Friday, October 16, 2015

What is Going On With Digital Harrisburg?

A lot.

I have been on sabbatical this semester so I am not privy to a lot of the day-to-day activity in the Messiah College History Department's Digital Harrisburg Initiative.  That is why I am thankful for the regular blog updates from the students in Dr. David Pettegrew's Digital History course.

Yesterday Pettegrew published a wrap-up post (or perhaps mid-term report might be a better way to describe it) about all that is happening this Fall.  

Here is a taste:

City Beautiful: The Campaign for Beauty. Students are now developing a section of the City Beautiful Omeka site originally created by students the last time I taught this class in Spring 2014. This semester we are focusing on the campaign for public improvements that occurred in the city between Mira Lloyd Dock’s speech to the Board of Trade in December 1900 and the vote for a new mayor and the bond issue in February 1902. We have collected stories, photographs, and news items from newspaper databases for The Patriot (Harrisburg) and The Harrisburg Telegraph to better understand the reformers involved in the movement (including their residences and networks), the venues and places used for promoting the bond issue, and the areas of the city where campaigning was most active. We are trying to understand how the reformers sought to convince the population to vote on a bond issue to take civic debt (and higher taxes) in order to implement reform. Students will soon be adding short overviews to the Omeka site explaining how campaign events related to the space of the city. This map below, for example, shows the the residences (red) of some of the principal reformers who drove the campaign for improvement in 1901-1902 against the background of how the different city precincts voted for the bond issue to support improvements. The darker the background, the greater the support for improvement. (The first number in the map below indicates the ward of the city, the second number the precinct, e.g., 7.6 = Ward 7, Precinct 6).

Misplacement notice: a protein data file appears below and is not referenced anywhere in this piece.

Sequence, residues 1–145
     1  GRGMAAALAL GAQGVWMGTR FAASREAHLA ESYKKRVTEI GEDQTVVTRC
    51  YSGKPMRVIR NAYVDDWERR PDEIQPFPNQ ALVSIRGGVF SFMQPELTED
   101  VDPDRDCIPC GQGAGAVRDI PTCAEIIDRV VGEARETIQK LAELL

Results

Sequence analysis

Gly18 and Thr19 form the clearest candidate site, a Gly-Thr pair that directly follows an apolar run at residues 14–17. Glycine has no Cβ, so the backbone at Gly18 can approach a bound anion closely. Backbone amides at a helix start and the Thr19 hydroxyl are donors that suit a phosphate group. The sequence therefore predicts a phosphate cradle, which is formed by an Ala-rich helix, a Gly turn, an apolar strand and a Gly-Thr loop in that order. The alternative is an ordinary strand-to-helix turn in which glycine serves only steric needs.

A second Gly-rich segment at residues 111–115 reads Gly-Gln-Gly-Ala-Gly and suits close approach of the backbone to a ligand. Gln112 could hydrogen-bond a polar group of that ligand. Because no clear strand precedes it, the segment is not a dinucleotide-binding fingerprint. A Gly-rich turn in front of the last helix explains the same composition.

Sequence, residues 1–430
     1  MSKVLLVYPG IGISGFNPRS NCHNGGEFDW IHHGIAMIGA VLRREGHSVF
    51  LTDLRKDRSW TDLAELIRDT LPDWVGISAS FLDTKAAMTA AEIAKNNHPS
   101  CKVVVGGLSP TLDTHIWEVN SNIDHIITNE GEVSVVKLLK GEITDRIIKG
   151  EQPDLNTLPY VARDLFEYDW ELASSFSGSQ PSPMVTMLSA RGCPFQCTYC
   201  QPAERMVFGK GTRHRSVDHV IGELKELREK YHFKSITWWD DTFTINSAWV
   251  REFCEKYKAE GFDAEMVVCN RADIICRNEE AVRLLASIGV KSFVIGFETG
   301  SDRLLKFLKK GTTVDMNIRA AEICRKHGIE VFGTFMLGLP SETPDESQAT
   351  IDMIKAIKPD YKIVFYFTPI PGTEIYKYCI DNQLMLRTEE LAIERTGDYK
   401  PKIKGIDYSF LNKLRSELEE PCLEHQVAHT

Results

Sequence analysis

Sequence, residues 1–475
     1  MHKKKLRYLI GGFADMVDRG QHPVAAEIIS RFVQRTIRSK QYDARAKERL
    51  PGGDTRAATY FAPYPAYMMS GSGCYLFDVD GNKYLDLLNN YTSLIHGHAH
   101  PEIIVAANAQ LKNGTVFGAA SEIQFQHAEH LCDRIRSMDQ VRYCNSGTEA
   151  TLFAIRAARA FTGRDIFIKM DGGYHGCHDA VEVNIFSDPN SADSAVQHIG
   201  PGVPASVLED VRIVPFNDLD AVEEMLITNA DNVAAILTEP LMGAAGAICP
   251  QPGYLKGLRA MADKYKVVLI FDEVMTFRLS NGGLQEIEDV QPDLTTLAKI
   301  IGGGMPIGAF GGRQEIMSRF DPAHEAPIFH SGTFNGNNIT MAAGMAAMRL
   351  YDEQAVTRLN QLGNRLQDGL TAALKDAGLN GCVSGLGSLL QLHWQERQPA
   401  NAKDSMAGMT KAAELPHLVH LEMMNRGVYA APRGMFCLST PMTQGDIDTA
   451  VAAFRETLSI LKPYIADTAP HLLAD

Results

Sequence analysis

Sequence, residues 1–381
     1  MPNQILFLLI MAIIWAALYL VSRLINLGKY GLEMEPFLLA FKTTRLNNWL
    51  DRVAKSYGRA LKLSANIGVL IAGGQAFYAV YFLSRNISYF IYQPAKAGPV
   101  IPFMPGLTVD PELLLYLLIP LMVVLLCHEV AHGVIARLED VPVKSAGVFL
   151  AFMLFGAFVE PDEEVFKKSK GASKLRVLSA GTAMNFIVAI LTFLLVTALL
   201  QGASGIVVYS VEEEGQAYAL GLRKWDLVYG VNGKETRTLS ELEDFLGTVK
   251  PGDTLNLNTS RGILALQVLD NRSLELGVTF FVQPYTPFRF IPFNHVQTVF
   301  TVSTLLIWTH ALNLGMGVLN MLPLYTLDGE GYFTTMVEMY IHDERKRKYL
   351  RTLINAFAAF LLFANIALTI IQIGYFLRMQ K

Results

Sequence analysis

And here are some thing you can expect in the future from the Digital Harrisburg Initiative:

Expansion and Other News. Finally, our team has been thinking over the last few months about how we might expand the project over the next year or two. Here are some developments:
  • Professors Jim LaGrand and Jean Corey at Messiah College are working with their students this year through a course in Public History (Spring 2016) and the Public Humanties Student Fellows program to tell the story of particular neighborhoods and churches in Harrisburg. This will certainly involve more oral history and documentary work than we’ve done in the past, which will comprise a whole new layer for understanding the history of the city.
  • Too early to say much about this, but I’ve been corresponding with individuals in other communities of the region (Mechanicsburg and Lancaster) about developing similar demographic and GIS-based projects for those communities.
  • We’ve applied for external grants to fund the development and refinement of our data sets.
  • Professor Erikson will be teaching his intro to GIS class again in the spring and will add more geospatial layers for other communities of the region.
  • The Burg
  • The public student humanities fellows are working with an interdisciplinary group of volunteers to discover the rich cultural/ historical landscape of the city through a project called Poetry in Place project, which invites regional public poets and Harrisburg City School students to write about significant sites. Eventually this project will be linked to a digital map of the city.